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United States Department of Agriculture

Agricultural Research Service

Research Project: ECOLOGICALLY-BASED SOIL AND CROP MANAGEMENT SYSTEMS FOR SUSTAINABLE AGRICULTURE Title: Microbial Populations and Hypothesized Function within the Guts of Two Ground Beetles

item Lehman, R
item Lundgren, Jonathan
item Chee Sanford, Joanne

Submitted to: Meeting Abstract
Publication Type: Abstract Only
Publication Acceptance Date: February 16, 2007
Publication Date: May 23, 2007
Citation: Lehman, R.M., Lundgren, J.G., Chee Sanford, J.C. 2007. Microbial Populations and Hypothesized Function within the Guts of Two Ground Beetles. Meeting Abstract. 107th General Meeting of the American Society for Microbiology, Toronto, Ontario, Canada, May 21-25, 2007.

Technical Abstract: Bacteria colonizing the intestinal tract of beneficial ground beetles may contribute to the beetles’ fitness and ability to control plant and insect pests. Using tRFLP analysis (16S rRNA gene) of bacteria populations in the guts of ground beetles, we have found that individual beetles from the same beetle species (Harpalus pensylvanicus) harbor relatively simple and reproducible bacterial communities. Sequence analyses of the same gene identified six bacterial populations common to these beetles. In another ground beetle, Poecilus chalcites, we have found greater variation in the resident bacterial populations among individual beetles. When P. chalcites, a strict predator, is reared on cricket eggs, antibiotic treatment reduces the diversity of the gut bacterial populations, but does not affect feeding. When H. pensylvanicus, an omnivore, is reared on cricket eggs, antibiotic treatment also does not affect feeding. However, H. pensylvanicus reared on weed seeds and receiving antibiotic treatment exhibited reduced feeding. These findings suggest a nutritional role for the gut bacteria that may be mediated by diet or trophic position.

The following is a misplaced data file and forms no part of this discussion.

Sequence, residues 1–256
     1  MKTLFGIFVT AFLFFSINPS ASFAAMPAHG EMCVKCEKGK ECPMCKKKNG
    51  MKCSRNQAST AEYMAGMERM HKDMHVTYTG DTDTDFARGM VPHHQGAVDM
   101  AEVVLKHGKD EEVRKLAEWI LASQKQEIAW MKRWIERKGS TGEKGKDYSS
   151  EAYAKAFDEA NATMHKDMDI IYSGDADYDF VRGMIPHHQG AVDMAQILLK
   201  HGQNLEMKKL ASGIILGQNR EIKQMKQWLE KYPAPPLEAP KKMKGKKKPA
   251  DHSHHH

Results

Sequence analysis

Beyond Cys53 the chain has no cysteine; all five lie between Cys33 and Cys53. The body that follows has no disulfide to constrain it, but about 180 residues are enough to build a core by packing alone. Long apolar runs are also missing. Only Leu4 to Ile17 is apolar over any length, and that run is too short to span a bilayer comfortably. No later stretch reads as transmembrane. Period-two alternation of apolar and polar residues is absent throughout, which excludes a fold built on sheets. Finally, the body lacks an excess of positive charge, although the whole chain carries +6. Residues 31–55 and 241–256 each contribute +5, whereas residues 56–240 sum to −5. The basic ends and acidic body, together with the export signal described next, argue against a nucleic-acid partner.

Last Modified: 11/27/2015